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Editorial: Expanding the study abroad options

Yesterday the Office of International Programs hosted a fair on Ruth Simmons Quadrangle to introduce students to study abroad opportunities for the upcoming year. With more than 300 pre-approved programs and more than 150 locations from which to choose, about 600 Brown students each year — the equivalent of approximately one-third of the junior class  —  spend a summer, semester or year in the country of their choice. With a seamless process that allows students to easily apply and transfer credits back to Brown, studying abroad can be an unmatched opportunity as a college student, not only to enrich one’s college experience academically-speaking, but also to enhance one’s personal development in new and unexpected ways.

Because of language barriers and the mandatory Satisfactory/No Credit policy, Brown students are unlikely to receive the same quality of academic education abroad as they get here. This is not to say that the University should not support language immersion or change the grading policy, but it should also encourage students to explore “non-traditional” study abroad programs. Certainly the conventional, if not stereotypical, experience of studying abroad in Western Europe is still valuable to students, particularly to those who have studied relevant languages, histories or arts. But the case can be made that more weight should be placed — by the University, students, and employers — on alternative means of global engagement, namely through non-academic activities such as working, volunteering, interning abroad or participating in a Global Independent Study Project (GLISP). To be sure, the University does offer pre-approved programs that incorporate these values, such as a program on the ecology and wildlife in Tanzania, and the onus may be on students to choose the less conventional path. But encouraging students to consider a broader set of values expands the opportunities beyond elite universities and opens the conversation to experiences most people will not have after college.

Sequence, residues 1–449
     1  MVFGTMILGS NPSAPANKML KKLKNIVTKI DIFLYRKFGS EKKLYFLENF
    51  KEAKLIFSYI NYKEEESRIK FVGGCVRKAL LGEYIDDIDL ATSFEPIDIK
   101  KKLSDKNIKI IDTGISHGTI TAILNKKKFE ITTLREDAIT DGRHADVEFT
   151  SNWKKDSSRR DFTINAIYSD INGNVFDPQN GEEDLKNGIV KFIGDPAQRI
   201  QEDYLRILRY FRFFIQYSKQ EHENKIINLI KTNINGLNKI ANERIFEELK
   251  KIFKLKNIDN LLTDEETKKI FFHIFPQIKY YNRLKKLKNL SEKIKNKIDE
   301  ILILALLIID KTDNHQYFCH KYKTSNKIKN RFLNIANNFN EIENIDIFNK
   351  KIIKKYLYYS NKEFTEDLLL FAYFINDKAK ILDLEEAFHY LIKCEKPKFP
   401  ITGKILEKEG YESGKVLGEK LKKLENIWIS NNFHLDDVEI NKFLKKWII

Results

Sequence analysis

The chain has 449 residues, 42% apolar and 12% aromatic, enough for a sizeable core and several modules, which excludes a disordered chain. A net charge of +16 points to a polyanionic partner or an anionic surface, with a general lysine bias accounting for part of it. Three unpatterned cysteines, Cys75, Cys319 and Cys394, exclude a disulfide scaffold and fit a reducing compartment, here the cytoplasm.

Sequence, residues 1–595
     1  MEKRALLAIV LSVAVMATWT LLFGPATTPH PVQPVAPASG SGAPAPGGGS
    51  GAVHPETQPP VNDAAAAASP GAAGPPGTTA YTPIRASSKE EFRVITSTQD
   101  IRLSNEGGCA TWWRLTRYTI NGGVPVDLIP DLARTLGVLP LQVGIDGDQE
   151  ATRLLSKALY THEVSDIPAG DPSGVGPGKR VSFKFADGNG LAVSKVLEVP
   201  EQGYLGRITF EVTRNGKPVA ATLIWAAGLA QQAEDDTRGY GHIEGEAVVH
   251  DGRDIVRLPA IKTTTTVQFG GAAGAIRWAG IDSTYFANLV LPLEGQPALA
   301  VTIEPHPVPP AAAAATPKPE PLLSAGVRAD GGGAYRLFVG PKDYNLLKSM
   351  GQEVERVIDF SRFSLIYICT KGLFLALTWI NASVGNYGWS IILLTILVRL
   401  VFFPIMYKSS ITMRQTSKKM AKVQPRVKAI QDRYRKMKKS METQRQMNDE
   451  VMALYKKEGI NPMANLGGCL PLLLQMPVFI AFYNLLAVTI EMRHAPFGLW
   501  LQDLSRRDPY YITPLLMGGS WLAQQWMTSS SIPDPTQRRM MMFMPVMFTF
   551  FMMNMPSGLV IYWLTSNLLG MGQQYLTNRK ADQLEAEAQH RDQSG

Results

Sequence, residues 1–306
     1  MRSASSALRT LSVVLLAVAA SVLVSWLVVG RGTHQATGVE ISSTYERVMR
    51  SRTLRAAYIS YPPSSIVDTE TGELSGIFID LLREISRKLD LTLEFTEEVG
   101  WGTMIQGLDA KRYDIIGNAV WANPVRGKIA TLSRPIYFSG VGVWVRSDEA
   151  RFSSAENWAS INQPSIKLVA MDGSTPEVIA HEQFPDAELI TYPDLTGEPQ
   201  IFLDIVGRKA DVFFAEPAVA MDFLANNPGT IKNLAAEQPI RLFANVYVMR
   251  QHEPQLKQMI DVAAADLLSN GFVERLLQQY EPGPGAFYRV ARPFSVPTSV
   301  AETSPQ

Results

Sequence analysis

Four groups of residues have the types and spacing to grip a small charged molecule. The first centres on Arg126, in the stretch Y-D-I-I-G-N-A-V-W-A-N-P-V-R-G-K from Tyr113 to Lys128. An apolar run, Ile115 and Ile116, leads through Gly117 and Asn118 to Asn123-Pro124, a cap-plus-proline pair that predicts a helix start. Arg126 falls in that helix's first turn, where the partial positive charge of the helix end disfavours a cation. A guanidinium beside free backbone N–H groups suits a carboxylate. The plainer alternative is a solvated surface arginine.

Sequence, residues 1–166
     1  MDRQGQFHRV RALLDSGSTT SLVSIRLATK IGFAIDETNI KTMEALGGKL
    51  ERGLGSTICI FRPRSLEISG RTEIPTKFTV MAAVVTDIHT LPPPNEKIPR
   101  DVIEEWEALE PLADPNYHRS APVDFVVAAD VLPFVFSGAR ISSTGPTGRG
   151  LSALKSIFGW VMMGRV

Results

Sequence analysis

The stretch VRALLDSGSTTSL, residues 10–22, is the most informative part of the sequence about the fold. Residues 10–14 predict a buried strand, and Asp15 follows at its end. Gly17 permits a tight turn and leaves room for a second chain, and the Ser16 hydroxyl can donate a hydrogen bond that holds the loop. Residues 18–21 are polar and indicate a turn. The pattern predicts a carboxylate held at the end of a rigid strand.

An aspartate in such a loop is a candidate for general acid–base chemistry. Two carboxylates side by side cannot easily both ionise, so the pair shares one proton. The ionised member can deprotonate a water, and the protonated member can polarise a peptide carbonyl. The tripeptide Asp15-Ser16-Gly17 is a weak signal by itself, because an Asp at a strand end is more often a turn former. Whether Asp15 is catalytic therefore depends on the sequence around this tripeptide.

Unconventional study abroad programs, however, exacerbate a preexisting concern of science students regarding degree requirements. In March 2012, Kendall Brostuen, director of international programs and associate dean of the College, reported that over the previous two years only nine percent of students studying abroad were concentrating in the sciences. This disparity is due in part to language limitations, a greater number of requirements for science concentrations, stricter course credit policies and concerns about being unprepared for higher-level courses. Science departments and the Office of International Programs must clarify transfer policies and pre-approve courses to ease stress among students and help them understand that a semester away will not stop them from completing their degree. A solution might even include more interaction between students abroad and their Brown professors to supplement any gaps in the curriculum that could hold them back in their concentration programs.

While Brown’s open curriculum provides a unique educational scheme, it can be of great benefit to students to gain a global understanding through an immersive period abroad. Studying — or working, volunteering and interning —  abroad gives students a new perspective regarding their academic experiences at Brown. Upon returning to College Hill, students are able to reassess how they wish to spend their remaining undergraduate years, a decision likely influenced by time spent in a foreign country. There are a number of reasons students choose not to study abroad: participation in sports and clubs or the fact that an international student may already be abroad in Providence. But encouraging students to study abroad and expand the options for those who wish to go abroad should be an objective of the University.

 

Editorials are written by The Herald’s editorial page board: Natasha Bluth ’15, Alexander Kaplan ’15 and James Rattner ’15. Send comments to editorials@browndailyherald.com.



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